Seven generations of gong beaters

Heating and beating the gong into shape. (photo: IO/Yoga)

IO – If you cross Pancasan Street, Pasir Jaya, West Bogor, Bogor City (now renamed “Aria Suryalaga Street”), you can see the “gong-making” workshop that stands firmly on an area of 150 square meters. This location was once famous for its “Pancasan Gong Workshop” which has now become a “Gong Factory”.

In the 200 years since it was first established, the Gong Factory still remain stands firm and never changes shape. It was founded by a man named Jakim during the Dutch colonial era.

Krisna Hidayat, 7th generation owner. (photo: IO/Yoga)

Until now, the craft of beating gongs has been passed down from generation to generation, and is today exemplified by Krisna Hidayat, a seventh-generation craftsman. In fact, Krisna has faced a heavy burden in maintaining his ancestral heritage in a digital era: in an age of modernity, traditional tools have begun to be discarded.

The Gong Factory gained its glory in the 1990s. At that time, the daily number of visitors would reach up to 100. Sales were also fantastic: 2 orders per day for complete gamelan sets. A monthly total of up to 60 shipments is common, to both domestic destinations and foreign countries.

Local orders for gongs and gamelan sets arrive from Sumatra, Sulawesi to West Nusa Tenggara (NTB); they deal with regular orders from foreign countries in Europe and America.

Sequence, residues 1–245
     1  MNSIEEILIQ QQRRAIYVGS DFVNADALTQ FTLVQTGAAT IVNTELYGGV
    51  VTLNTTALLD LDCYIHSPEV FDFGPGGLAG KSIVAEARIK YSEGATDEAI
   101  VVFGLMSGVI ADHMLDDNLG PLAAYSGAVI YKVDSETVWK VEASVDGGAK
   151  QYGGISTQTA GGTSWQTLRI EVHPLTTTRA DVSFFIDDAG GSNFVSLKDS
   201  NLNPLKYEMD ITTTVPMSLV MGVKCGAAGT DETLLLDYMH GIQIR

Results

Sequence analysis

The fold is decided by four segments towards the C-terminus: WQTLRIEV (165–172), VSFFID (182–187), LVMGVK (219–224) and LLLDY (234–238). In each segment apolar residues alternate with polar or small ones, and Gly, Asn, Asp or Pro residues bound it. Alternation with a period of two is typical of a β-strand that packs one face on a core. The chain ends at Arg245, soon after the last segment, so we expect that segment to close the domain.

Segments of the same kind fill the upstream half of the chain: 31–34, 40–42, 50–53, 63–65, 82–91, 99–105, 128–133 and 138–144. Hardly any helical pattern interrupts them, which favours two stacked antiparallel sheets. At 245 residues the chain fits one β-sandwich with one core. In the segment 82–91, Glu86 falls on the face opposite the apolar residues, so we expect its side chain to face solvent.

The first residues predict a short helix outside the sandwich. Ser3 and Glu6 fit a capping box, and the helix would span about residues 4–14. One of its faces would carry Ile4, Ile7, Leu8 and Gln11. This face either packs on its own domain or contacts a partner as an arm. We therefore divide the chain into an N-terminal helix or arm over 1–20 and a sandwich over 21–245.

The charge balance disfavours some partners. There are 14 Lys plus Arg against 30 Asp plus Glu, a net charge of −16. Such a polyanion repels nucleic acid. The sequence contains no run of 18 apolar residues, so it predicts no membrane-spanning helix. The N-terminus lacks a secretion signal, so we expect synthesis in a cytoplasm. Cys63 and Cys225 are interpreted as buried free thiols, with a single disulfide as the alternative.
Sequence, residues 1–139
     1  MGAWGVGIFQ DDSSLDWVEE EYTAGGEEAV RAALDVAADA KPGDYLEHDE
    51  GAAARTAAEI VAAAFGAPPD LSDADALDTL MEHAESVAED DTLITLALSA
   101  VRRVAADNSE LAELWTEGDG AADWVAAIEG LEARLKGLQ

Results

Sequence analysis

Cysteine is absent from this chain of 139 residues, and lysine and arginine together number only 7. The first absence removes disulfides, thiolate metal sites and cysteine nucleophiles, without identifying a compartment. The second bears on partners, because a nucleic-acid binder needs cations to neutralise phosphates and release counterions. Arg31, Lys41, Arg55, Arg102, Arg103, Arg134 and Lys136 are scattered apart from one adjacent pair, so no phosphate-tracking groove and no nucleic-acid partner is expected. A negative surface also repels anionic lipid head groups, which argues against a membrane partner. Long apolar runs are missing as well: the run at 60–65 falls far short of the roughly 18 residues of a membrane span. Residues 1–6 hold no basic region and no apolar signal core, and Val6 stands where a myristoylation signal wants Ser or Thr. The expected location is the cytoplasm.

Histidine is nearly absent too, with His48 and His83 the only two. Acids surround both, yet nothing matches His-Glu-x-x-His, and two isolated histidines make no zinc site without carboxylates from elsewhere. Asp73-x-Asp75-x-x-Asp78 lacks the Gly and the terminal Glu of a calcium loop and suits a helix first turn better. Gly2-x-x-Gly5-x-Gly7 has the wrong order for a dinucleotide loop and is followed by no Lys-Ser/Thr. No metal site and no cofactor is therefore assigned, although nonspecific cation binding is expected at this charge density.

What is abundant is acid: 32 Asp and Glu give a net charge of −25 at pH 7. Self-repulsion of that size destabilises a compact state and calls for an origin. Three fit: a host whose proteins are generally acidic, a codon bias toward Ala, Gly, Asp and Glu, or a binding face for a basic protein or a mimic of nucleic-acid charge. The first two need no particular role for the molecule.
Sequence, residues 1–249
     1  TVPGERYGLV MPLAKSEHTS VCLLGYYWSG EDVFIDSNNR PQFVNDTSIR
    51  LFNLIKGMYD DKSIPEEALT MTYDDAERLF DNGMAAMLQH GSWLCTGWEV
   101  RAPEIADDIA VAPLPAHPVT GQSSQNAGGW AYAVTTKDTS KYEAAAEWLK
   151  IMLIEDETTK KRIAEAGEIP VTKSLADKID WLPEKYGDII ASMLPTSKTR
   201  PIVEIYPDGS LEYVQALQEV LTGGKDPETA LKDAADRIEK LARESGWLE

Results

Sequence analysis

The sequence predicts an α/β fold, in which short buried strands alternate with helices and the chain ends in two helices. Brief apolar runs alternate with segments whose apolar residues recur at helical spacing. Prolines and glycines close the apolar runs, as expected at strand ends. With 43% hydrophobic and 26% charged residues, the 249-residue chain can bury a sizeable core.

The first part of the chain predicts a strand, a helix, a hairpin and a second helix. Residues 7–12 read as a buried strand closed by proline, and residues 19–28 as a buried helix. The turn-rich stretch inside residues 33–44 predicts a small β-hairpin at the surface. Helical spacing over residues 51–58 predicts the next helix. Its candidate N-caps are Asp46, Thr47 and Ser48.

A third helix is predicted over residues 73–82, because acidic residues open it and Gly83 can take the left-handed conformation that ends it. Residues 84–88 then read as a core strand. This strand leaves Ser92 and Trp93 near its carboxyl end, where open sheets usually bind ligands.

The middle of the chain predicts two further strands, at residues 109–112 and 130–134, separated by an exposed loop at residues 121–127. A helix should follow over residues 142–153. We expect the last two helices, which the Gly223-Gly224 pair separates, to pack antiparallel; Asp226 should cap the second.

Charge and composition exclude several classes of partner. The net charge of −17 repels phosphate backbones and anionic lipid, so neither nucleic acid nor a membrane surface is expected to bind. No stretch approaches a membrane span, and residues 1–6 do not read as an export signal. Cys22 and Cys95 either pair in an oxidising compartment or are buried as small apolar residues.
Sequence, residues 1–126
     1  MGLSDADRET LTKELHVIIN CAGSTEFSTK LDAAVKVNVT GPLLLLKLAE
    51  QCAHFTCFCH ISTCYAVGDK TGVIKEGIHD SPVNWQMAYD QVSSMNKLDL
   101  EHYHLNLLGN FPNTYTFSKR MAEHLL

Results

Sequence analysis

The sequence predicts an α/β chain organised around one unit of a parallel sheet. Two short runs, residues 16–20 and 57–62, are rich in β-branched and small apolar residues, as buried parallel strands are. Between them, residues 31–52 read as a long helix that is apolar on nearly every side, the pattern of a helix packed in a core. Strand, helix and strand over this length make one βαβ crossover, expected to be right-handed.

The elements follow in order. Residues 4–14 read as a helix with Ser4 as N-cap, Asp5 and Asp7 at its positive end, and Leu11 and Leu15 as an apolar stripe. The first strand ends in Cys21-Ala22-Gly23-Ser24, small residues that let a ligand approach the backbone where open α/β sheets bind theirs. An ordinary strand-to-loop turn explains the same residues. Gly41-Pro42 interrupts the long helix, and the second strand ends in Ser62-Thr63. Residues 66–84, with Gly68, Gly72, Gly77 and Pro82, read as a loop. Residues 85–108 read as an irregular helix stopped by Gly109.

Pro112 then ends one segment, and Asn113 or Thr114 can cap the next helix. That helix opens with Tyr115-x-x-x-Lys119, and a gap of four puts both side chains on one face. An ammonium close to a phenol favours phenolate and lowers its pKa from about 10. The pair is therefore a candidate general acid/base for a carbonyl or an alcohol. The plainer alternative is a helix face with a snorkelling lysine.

One set of Degung Sunda Gamelan customarily consists 14 pieces of “Bona”, 14 pieces of “Saron”, 6 pieces of “Jenglong”, 1 piece of “Gong Besar” (big gong), 1 piece of “Kempul”, and supporting instruments such as flutes and “Rampak” drums. One Degung Sunda Gamelan set can cost up to 80 million Rupiah. There are also small souvenir gongs (diameter of 20cm to 50cm) that can be purchased for 1.5 to 2.5 million Rupiah.

The craft of heating and beating metal to make gongs is carried out by a workforce of 13 employees, using white lead and red copper as a basic material. 1 kilogram of tin + 3 kilograms of red copper are melted and molded into shape, before being forged, according to size. Next is the stage of grinding or peeling away the outer layer of the gong, cleaning off residual crusts that attach when forging.

Then a specialist will tune a gong’s high and low notes, grinding or thinning to lower the sound; the customer may specify a certain kind of tone. To achieve a high resonance, craftsmen forge the piece from back to front. This loud “bong” is a signature sound of the Gong Factory.

The Gong Factory is open to visitors every day of the week except Fridays, from 9am to 3pm. (Yoga)